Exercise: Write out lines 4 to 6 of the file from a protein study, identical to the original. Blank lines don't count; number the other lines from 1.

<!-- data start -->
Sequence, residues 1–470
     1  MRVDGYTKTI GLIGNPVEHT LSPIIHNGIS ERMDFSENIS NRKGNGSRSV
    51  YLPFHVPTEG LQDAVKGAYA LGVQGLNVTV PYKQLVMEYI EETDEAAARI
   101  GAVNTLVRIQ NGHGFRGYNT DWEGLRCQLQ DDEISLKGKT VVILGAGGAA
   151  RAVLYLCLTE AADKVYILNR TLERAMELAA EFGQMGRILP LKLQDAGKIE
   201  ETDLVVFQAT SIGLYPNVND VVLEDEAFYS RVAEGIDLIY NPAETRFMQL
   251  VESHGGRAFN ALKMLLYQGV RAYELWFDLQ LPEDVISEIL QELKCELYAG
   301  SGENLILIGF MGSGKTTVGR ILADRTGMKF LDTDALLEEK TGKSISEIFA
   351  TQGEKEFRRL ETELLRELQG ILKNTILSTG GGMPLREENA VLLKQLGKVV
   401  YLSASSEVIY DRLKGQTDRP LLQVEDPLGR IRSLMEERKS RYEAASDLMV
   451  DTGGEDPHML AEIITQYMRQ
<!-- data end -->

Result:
   101  GAVNTLVRIQ NGHGFRGYNT DWEGLRCQLQ DDEISLKGKT VVILGAGGAA
   151  RAVLYLCLTE AADKVYILNR TLERAMELAA EFGQMGRILP LKLQDAGKIE
   201  ETDLVVFQAT SIGLYPNVND VVLEDEAFYS RVAEGIDLIY NPAETRFMQL